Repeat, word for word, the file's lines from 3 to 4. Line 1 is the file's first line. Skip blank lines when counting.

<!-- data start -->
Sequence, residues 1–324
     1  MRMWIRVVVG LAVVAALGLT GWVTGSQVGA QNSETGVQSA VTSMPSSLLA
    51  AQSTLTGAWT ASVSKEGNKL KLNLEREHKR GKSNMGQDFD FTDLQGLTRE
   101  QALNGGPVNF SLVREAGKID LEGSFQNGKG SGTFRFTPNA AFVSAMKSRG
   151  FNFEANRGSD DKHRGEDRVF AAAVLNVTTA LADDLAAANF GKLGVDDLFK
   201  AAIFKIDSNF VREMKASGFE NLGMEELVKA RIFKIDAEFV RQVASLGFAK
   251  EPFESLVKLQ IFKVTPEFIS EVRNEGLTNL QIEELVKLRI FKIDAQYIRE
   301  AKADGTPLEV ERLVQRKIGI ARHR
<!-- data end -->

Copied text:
    51  AQSTLTGAWT ASVSKEGNKL KLNLEREHKR GKSNMGQDFD FTDLQGLTRE
   101  QALNGGPVNF SLVREAGKID LEGSFQNGKG SGTFRFTPNA AFVSAMKSRG